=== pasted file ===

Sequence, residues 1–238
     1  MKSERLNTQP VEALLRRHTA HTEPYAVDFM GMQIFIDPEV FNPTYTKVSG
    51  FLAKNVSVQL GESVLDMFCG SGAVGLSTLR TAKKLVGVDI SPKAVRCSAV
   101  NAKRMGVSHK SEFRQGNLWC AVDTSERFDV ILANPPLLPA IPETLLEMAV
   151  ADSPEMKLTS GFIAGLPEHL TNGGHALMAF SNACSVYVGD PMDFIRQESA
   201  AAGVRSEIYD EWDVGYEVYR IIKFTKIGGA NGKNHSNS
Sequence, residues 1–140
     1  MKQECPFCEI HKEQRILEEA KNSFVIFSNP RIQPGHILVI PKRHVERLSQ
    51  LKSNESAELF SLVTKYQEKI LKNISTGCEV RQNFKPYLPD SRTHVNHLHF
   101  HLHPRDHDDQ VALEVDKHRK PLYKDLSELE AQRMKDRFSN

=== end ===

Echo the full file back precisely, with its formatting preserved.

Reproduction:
Sequence, residues 1–238
     1  MKSERLNTQP VEALLRRHTA HTEPYAVDFM GMQIFIDPEV FNPTYTKVSG
    51  FLAKNVSVQL GESVLDMFCG SGAVGLSTLR TAKKLVGVDI SPKAVRCSAV
   101  NAKRMGVSHK SEFRQGNLWC AVDTSERFDV ILANPPLLPA IPETLLEMAV
   151  ADSPEMKLTS GFIAGLPEHL TNGGHALMAF SNACSVYVGD PMDFIRQESA
   201  AAGVRSEIYD EWDVGYEVYR IIKFTKIGGA NGKNHSNS
Sequence, residues 1–140
     1  MKQECPFCEI HKEQRILEEA KNSFVIFSNP RIQPGHILVI PKRHVERLSQ
    51  LKSNESAELF SLVTKYQEKI LKNISTGCEV RQNFKPYLPD SRTHVNHLHF
   101  HLHPRDHDDQ VALEVDKHRK PLYKDLSELE AQRMKDRFSN